"Great Scott!" -- Hank Morgan

King Arthur's Court in MT's America


When Clemens was growing up, the most popular version of Camelot in America was Sir Walter Scott's, as expressed in romances like Ivanhoe (1819). During MT's career, Tennyson's Idylls of the King (1842-1885) was almost as widely read as a popular novel. In Chapters 40 and 46 of Life on the Mississippi (1883), MT condemned Scott as an "enchanter"; Dan Beard, illustrator of Connecticut Yankee, was making a similar point visually when he drew Merlin to look like Tennyson, as you can see by comparing Beard's magician (right) with the picture of the English poet laureate (left) taken from the frontispiece of an 1893 edition of the Idylls published in Baltimore.


A major goal of MT's novel, as the work of a writer who thinks of himself as both a democrat and a realist, is to use Hank's "unpoetic" observations of Arthurian England to undo the spell he felt 19th-century medievalism had cast over Europe's aristocratic past. This is the project Hank refers to when he asserts that "none of us has been taught to see" the "unspeakably bitter and awful Terror" that the feudal system inflicted on the vast majority of people.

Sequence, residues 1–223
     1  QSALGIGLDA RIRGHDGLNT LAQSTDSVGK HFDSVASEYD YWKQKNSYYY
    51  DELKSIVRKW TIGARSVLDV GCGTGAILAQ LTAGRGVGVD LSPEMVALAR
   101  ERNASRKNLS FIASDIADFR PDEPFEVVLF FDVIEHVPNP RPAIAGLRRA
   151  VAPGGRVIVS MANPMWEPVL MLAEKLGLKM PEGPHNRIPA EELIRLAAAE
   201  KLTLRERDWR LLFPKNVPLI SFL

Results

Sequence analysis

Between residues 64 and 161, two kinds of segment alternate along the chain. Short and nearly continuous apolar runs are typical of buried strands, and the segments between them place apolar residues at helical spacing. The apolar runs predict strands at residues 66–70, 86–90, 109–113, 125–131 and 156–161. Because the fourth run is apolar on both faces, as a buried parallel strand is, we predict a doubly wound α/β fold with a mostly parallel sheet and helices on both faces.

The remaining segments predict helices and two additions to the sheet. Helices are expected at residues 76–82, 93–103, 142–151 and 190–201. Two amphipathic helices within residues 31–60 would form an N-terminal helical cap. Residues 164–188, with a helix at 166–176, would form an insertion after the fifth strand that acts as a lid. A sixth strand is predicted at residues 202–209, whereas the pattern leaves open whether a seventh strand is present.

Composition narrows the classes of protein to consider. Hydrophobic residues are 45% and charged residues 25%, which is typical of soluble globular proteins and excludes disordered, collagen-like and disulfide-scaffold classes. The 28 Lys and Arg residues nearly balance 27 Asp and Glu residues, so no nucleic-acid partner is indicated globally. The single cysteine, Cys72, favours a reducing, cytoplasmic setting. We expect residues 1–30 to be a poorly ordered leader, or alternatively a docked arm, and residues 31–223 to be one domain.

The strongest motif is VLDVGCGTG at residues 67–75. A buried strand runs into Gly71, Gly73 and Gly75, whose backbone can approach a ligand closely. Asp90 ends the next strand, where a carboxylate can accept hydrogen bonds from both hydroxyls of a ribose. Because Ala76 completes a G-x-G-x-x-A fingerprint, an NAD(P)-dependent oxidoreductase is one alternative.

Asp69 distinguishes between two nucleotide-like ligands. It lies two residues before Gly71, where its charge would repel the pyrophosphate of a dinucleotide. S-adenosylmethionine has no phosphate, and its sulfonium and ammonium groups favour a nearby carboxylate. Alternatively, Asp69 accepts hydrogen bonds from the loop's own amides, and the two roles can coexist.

Camelot remains one of the fixed points of reference in the imagination of Western culture, but it was an especially popular subject at the time MT wrote his novel. This portion of the archive presents a few images chosen to represent the way MT's times "saw" King Arthur's Court. Like Hank Morgan, many of MT's contemporaries traveled imaginatively back to Camelot; what they tended to "see" is precisely what MT wanted them to re-view.

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